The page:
An MIT team is working on a better way to scrub carbon dioxide, a harmful greenhouse gas, from the emissions of power plants that burn fossil fuels. Existing steam-based carbon capture and storage methods have not been widely adopted because they require so much energy and are not suited to all types of plants, but this team believes its refined technology could make all the difference.
The MIT project—led by T. Alan Hatton, MIT’s Ralph Landau Professor and director of the David H. Koch School of Chemical Engineering Practice, along with PhD candidate Aly Eltayeb—seeks to decrease the energy needed for the process via an electrochemical device. Early estimates based on a small-scale commercial prototype indicate the new system could cut energy requirements by as much as 25%.
“Carbon capture and storage is one of those things that doesn’t sound sexy, but it really solves the problem,” Eltayeb recently told the Boston Globe. “Especially if you can do something with that CO2 and stop treating it as a waste—and treat it as a valuable product.”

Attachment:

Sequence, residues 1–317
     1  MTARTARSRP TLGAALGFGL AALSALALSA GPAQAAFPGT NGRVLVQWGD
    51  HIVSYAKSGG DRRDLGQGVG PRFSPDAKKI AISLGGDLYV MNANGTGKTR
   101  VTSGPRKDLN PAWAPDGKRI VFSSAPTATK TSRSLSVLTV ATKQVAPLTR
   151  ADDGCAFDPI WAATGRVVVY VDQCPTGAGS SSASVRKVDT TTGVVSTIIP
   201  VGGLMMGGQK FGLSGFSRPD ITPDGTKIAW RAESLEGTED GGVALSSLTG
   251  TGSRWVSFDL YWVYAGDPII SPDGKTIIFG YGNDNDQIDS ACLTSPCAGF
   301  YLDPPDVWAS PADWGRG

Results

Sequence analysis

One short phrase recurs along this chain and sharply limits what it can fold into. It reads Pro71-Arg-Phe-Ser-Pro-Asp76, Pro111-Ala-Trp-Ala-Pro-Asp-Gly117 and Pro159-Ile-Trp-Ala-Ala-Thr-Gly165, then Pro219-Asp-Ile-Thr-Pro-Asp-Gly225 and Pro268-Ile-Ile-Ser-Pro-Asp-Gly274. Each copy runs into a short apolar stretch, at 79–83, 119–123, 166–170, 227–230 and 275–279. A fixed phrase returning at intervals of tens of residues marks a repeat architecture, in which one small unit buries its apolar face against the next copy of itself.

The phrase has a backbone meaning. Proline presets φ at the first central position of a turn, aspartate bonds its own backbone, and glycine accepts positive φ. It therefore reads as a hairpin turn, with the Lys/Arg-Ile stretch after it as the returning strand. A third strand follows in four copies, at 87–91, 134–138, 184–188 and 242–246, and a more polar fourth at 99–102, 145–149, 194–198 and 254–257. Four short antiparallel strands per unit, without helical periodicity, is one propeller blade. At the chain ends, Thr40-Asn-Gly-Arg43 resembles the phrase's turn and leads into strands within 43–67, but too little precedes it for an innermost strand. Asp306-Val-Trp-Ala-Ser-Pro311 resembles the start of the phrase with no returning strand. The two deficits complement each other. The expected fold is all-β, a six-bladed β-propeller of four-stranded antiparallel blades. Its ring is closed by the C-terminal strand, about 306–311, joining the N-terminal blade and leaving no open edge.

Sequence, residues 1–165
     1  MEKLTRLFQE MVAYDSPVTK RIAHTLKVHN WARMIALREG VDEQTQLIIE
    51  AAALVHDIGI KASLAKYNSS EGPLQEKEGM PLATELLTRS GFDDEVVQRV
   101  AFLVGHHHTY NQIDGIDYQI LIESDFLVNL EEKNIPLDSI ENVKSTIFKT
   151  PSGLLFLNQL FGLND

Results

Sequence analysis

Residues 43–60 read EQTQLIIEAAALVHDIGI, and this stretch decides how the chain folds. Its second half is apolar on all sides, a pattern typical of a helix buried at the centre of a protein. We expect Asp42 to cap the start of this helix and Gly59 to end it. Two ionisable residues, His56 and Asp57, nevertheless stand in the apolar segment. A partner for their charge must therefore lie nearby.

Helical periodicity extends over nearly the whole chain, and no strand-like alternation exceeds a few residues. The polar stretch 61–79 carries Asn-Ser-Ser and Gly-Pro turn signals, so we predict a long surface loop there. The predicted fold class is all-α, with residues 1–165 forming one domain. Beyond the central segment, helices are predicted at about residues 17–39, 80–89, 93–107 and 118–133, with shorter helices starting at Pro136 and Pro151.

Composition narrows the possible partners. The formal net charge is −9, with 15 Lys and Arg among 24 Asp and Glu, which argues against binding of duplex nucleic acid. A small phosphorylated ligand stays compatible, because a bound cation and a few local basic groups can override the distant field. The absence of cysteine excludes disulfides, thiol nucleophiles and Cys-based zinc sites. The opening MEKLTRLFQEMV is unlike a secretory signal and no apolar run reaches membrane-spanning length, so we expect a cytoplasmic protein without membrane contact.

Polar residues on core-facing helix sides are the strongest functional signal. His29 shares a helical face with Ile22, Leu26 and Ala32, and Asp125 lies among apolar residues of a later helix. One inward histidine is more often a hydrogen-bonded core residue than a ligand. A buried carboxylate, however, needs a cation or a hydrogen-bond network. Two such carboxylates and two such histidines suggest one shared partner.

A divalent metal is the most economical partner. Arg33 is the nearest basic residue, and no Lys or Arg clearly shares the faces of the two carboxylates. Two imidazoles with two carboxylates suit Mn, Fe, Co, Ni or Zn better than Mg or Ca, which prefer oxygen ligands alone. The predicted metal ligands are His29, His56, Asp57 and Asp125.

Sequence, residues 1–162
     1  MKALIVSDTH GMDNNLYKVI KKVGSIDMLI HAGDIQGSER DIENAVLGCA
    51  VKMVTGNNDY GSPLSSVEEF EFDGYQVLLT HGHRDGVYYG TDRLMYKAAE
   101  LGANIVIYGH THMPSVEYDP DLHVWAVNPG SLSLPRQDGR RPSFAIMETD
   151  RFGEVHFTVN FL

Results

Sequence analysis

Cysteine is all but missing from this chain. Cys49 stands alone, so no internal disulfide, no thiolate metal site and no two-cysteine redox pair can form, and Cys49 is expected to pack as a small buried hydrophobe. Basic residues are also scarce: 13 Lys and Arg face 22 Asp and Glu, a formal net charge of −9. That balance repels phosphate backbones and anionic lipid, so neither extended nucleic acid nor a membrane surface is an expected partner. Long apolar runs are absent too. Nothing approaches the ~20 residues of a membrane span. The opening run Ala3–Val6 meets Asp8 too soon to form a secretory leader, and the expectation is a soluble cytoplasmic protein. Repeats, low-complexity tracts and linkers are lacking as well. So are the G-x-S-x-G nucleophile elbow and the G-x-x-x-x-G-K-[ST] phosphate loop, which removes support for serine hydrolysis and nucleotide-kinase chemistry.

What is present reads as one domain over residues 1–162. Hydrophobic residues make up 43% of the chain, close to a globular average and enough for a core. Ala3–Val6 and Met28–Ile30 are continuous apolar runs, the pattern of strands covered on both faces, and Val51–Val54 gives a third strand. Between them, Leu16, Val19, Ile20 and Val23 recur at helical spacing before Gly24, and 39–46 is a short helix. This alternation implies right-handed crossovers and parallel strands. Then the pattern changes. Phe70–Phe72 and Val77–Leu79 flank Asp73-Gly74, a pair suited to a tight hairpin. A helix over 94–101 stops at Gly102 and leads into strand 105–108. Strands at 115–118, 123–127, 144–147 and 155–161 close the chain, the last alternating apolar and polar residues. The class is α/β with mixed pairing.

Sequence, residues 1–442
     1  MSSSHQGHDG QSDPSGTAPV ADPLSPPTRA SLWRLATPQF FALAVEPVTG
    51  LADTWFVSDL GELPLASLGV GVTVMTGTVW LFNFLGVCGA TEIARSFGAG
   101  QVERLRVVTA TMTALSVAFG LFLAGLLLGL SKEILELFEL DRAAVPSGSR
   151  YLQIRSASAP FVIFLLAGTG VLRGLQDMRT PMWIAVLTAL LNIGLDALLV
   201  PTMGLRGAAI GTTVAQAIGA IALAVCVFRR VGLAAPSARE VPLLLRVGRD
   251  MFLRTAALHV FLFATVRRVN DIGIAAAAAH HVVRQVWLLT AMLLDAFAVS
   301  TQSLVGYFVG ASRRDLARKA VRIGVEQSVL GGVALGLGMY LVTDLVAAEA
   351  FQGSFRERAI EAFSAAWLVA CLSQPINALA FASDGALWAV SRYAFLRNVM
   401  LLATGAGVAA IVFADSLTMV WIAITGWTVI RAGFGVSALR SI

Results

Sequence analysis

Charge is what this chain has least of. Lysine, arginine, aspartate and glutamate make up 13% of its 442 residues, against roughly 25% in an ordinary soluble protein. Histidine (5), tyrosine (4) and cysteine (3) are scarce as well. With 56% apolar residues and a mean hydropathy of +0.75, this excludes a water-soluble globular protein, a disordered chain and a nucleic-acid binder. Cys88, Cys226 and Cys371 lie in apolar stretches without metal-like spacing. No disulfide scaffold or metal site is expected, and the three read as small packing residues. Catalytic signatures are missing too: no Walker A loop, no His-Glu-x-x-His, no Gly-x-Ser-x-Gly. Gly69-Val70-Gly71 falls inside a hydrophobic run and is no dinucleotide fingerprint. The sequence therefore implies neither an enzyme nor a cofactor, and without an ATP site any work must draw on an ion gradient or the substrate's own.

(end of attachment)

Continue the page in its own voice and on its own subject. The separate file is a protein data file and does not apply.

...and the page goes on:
It turns out this “value” is a key aspect of the plan. It’s not enough to make the scrubbing process more energy efficient and therefore cheaper; finding a market for the captured CO2 is what will incentivize plant owners to adopt such a system, MIT Energy Initiative senior research engineer Howard Herzog told the Globe.
In this case, though fossil fuels may have triggered the original problem, they can also be part of the economic solution. Drillers are willing to pay for pure carbon dioxide; the compressed gas can be pumped into wells to push out more oil.